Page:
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5 Steps to the Perfect Business Pitch

Investors back the rider, not the horse.

Sage words for entrepreneurs to live by, says Doug Mollenhauer.

The Vancouver communications coach and founder of Quantum Leap Learning says few will ever leave a boardroom, an impromptu elevator meeting, or even the Den with a deal unless they can pitch a product and sell themselves.

“Delivery considerations are huge in a business presentation,” says Mollenhauer, who runs sales-pitch workshops. “You don’t want to wing it. The single most potent antidote to anxiety is rehearsal.”

Here’s what Mollehauer calls his “Big Five” elements of winning presentations.


Know what’s important to the investor and to the clients.

“Empathy is a good understanding of where your audience is coming from,” Mollenhauer says. “Be attuned to the needs of the audience.”

To a Dragon, a top priority may be making money, so it’s important not to lose sight of the economic case — not just the practical —for why an idea is worth backing.


Ensure the core message behind the benefits of a business are well understood, Mollenhauer says.

“Value is really the core message,” he says. “You may be using empathy to anticipate questions that the audience would have, and your value is really how you’re addressing answers to those questions.”


Perhaps the ultimate deal killer is a lack of clarity, or an ability to be succinct yet on message.

“If I don’t get it, the message is not going to be acted on,” Mollenhauer says, adding that among the main threats to clarity is an overly “technical perspective.”

“People will get bogged down in the aspects of a product, but you really need to stay at a higher level about what it does,” he says.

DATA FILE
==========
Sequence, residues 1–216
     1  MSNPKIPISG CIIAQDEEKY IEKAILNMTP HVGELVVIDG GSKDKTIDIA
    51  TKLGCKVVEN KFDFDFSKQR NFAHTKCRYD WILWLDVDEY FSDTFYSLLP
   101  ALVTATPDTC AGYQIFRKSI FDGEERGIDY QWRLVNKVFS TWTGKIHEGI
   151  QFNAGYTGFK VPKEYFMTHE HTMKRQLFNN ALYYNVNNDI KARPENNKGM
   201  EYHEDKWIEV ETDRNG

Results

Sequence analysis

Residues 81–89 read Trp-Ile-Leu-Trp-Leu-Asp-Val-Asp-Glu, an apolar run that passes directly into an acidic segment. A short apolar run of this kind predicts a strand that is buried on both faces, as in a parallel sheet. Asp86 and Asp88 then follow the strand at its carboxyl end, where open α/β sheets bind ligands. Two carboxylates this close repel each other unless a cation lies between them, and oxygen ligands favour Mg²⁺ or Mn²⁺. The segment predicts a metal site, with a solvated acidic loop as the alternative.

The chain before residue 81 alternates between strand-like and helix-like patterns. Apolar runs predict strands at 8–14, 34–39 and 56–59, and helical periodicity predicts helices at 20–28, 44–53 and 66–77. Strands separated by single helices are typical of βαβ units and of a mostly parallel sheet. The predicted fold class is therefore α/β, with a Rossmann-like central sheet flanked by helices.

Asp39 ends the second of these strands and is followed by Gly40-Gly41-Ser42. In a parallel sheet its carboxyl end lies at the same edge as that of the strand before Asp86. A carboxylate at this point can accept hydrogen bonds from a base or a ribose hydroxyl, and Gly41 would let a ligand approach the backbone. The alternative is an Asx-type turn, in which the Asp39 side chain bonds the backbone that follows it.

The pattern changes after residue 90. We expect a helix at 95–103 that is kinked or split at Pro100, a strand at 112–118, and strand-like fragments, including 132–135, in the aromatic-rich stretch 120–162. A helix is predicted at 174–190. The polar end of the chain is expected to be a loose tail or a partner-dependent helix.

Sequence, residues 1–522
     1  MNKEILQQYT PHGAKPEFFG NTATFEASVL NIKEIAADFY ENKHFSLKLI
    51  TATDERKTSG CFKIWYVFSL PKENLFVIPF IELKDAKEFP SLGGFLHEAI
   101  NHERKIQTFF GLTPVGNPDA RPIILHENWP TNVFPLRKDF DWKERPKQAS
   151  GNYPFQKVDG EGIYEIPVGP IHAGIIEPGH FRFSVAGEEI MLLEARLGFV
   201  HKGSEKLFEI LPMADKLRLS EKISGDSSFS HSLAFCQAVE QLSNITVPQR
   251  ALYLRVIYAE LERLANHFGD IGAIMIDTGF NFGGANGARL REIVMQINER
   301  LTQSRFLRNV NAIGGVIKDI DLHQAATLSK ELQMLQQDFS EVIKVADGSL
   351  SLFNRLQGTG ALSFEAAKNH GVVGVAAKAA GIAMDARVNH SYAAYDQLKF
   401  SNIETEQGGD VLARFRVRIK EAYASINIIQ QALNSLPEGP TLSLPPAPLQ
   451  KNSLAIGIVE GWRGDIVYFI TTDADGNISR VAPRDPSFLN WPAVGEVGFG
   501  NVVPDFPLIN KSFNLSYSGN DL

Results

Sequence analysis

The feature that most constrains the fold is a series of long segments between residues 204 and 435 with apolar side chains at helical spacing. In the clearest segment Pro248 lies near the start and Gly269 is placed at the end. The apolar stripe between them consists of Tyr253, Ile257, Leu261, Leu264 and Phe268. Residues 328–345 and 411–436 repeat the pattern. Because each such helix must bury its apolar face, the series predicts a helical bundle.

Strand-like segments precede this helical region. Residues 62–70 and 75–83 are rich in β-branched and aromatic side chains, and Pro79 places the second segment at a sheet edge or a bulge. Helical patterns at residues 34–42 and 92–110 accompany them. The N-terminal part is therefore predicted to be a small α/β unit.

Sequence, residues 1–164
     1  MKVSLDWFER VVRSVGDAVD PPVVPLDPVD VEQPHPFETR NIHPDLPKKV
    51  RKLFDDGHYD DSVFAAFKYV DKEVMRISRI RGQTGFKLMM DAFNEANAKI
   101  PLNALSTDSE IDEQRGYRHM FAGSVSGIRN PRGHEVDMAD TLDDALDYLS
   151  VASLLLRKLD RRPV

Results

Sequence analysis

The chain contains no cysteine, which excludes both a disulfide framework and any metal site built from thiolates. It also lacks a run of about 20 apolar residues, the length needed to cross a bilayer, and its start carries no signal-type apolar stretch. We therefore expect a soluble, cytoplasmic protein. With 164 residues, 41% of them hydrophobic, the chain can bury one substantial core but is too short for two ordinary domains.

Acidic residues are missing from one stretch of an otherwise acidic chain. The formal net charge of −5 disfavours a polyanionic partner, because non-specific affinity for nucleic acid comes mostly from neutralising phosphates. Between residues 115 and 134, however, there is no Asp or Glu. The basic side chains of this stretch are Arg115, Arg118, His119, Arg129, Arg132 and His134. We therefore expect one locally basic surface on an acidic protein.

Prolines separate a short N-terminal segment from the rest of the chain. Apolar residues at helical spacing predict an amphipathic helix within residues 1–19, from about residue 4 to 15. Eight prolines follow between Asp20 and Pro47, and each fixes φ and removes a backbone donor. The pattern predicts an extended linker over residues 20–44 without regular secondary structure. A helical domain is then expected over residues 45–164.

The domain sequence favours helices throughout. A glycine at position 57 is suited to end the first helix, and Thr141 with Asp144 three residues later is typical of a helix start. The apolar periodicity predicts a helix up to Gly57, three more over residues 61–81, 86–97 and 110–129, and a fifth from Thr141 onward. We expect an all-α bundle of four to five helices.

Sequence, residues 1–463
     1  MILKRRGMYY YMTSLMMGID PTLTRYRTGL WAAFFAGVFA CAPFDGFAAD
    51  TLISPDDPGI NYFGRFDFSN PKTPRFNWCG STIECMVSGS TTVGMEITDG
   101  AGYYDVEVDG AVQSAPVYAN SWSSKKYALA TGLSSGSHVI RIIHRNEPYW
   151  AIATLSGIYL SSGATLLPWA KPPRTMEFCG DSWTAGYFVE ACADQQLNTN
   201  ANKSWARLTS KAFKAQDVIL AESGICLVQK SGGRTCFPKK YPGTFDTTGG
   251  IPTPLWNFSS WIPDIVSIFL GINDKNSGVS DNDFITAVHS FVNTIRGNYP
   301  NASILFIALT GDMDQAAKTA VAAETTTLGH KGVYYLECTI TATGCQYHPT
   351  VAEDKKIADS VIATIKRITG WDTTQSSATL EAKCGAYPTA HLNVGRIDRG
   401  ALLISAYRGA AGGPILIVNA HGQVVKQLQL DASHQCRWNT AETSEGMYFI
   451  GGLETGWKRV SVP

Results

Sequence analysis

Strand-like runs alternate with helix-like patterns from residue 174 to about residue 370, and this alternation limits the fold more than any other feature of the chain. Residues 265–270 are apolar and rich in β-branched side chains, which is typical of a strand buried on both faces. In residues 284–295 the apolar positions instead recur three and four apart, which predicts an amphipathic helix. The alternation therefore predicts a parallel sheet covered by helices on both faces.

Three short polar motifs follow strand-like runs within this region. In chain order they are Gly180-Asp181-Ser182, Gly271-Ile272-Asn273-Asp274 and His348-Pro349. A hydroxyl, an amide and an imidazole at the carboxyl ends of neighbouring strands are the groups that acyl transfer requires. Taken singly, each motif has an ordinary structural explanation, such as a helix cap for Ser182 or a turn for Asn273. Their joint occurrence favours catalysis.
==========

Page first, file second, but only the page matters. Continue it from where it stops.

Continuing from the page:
That’s where visual aids, live demonstrations, and graphs projecting sales come in to play.


Venture capitalists often don’t just invest in a product or a service, but a person or a team pushing that business plan. That takes a leap of faith.

So make it easy on the investors, Mollenhauer says. Get them to like you and trust you before they buy in.
“The Dragons know they’re essentially forming a partnership with you,” he says. “Your authenticity, your competency, your candour and conviction reveals a lot.”

Delivery tips:

  • Spread eye contact around the room
  • Keep a grounded stance, don’t pace.
  • Speak to be heard but don’t be shrill.


There will almost always be tough followup questions. Don’t leave these unresolved.

“Closure is about your ability to respond to question in ways that are convincing,” Mollenhauer says. “There will be some degree of pushback because an investor or a buyer is going to be looking for whether you’ve anticipated questions.”

Listen carefully to the questions, and even repeat it aloud if necessary.

“But give them the short answer first. If you wade into a long answer, there’s a good chance they’re going to cut you off,” Mollenhauer says. “Close by asking if you’ve answered their question. Has that addressed your concern? It’s not a bad way to close the loop.”

Lastly, he says, it always helps to know when to throttle back on a pitch when encountering resistance. While less severe forms of resistance (“I’m confused; you’ve lost me”) can be extinguished with a quick explainer, and the next level up (“I don’t like it”) might take a bit more massaging, what a presenter absolutely wants to avoid is the “I don’t like you” scenario.

“Now they’re reacting to your style. They get it, they think it’s a decent idea, but they’re like, ‘No thanks,’ to you,” Mollenhauer says. “That’s when you know you need to just shut up.”

Photo Credit: iStock.com